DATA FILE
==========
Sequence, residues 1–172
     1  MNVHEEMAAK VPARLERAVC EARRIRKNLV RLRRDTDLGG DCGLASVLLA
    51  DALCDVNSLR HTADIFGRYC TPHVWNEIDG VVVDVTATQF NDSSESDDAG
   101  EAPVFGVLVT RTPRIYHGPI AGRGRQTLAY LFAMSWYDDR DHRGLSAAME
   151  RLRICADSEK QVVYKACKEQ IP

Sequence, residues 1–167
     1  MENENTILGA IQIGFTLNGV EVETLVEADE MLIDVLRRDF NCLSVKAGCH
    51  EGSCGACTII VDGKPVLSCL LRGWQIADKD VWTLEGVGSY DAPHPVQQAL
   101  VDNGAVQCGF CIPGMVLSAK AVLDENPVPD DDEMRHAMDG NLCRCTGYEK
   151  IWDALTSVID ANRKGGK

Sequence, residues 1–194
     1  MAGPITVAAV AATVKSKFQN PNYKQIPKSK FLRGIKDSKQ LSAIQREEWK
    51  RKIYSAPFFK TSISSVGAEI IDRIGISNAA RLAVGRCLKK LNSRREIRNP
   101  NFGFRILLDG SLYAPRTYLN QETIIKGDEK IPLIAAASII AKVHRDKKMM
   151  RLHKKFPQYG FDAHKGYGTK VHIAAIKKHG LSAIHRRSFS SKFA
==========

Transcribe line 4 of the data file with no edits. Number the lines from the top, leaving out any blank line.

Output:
   101  EAPVFGVLVT RTPRIYHGPI AGRGRQTLAY LFAMSWYDDR DHRGLSAAME